New Series No. 20 - 2002
How we built the tower - "The Vavilon project" (www.vavilon.ru)
The project, in different forms, existed for over a decade. Only very few such projects in contemporary Russian artistic life can boast of such a span. What is the reason for this? I think it’s because Vavilon is open to everybody. It is constantly striving to expand, to seek out new participants. Therefore, at different stages, the leading positions are occupied by different authors. Besides aesthetic pluralism, the desire to gather under one “roof” the heirs to different aesthetic traditions has fostered a considerable potential development and mutual enrichment. This has given Vavilon an enormous advantage in respect to other groups, which from the start focused on participants of a similar poetics.
Vavilon was begun in early 1989 by five writers: the poets Vyacheslav Gavrilov, Vadim Kalinin, Stanislav L’vovsky, Dmitry Kuzmin, and the prose writer Artem Kuftin. The oldest of them, myself, was twenty years old and the youngest, Gavrilov and Kalinin, were not yet sixteen. I’d often dreamt of such a group, most of all as a setting for creative communication and all through 1988 I’d been drifting from one literary locus to another, looking for like spirits.
The name “Vavilon” [Babylon] was chosen by secret ballot from
three proposals (mine being “Escape”) . . . There is no direct allusion to the Scriptures, even less so to the then-unread Borges, but rather to Boris Grebenshchikov (a Russian pop star) for whom Vavilon was a potent image.
Babylon is a city like any other
No need to be sad about it:
If you walk, we walk in the same direction –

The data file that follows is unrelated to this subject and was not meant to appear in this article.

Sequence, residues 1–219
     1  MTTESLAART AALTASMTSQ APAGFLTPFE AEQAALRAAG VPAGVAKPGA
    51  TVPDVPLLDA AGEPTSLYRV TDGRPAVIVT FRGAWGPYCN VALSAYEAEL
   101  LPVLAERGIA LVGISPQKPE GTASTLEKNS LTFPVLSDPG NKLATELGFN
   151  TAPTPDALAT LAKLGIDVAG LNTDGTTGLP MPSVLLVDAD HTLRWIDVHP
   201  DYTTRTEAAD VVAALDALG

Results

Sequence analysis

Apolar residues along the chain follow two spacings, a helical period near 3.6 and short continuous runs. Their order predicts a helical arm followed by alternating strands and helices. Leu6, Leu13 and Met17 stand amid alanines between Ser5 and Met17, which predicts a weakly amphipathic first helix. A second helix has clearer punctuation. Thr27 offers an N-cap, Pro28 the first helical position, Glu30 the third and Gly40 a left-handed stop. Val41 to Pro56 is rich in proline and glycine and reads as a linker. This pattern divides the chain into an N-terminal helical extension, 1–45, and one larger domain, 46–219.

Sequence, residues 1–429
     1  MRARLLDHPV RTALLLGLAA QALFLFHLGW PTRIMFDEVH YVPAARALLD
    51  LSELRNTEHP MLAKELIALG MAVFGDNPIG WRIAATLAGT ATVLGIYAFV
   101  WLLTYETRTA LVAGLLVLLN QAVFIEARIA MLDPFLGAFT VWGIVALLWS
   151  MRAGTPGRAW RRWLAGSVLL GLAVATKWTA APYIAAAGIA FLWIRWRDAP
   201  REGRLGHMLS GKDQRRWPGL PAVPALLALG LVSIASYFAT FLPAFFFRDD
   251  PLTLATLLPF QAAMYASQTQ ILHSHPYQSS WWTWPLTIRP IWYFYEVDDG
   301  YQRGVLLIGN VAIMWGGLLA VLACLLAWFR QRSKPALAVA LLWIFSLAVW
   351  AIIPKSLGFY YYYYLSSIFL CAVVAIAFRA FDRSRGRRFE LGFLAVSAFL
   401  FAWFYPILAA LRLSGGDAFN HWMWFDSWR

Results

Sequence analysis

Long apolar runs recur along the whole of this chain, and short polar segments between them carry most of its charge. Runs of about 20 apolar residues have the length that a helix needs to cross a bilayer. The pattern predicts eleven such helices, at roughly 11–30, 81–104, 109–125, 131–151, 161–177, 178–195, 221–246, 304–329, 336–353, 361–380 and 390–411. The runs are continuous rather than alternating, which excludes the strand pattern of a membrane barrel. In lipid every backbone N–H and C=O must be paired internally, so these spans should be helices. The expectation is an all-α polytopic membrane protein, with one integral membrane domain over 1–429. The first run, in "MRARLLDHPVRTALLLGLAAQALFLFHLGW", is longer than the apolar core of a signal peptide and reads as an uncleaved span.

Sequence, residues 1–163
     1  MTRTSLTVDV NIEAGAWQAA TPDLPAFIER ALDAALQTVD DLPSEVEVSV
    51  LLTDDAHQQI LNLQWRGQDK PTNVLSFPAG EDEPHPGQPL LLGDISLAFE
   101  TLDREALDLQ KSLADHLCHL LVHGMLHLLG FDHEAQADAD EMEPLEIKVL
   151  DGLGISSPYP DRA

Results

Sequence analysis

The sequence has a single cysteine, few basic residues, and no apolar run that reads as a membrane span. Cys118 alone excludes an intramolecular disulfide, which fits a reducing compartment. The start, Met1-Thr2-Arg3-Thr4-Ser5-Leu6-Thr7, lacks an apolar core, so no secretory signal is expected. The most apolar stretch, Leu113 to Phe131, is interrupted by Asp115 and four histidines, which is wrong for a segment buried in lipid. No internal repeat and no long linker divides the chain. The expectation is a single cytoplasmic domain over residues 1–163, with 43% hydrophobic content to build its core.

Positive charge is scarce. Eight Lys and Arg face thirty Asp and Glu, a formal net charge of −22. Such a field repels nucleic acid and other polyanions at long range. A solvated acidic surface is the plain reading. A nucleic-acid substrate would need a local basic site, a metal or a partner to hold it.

Because there is no other direction.
This was our formula for aesthetic pluralism.
I produced the magazine on a typewriter and Vadim Kalinin, poet,
artist and rock-musician and now a prose-writer, designed the cover. Apart from poetry and prose, we had two main sections: In “From the well-forgotten past” we published items from poetry collections of the first two decades of the twentieth century (Komarosky, Shkapskaya, Piast, Bobrov). In “The Peak” (“a corner for graphomania”) we published the best of Soviet poetry.
In spring 1999, we announced no more nor less than an All-Soviet
Competition for young poets, placed an ad in several newspapers,
received, apart from the usual rubbish, works by some sixty writers.
This material was passed on to our jury. We invited Kushner, Levitansky, Krivulin, Bunimovich, Zhdanov and Aronov to be the judges. That’s how we conceived of the poetry spectrum. Polina Barskova from St Petersburg topped the list. Eight years later she also won the TENETA Internet literary prize.
The crowning event of this Festival was a reading by all the finalists,
which took place 1-3 November, 1991. This was a miraculous happening in the post-Soviet context. I simply approached the Cultural Committee of the Supreme Soviet and the Minister Mikhail Seslavinsky issued instructions for the necessary funds to be made available to us. Everybody remembers this Festival for its celebratory atmosphere.
During the Festival the establishment of a Union of Young Writers, Vavilon, was announced. This organization potentially united all of literary youth; we even registered it with the Ministry of Justice.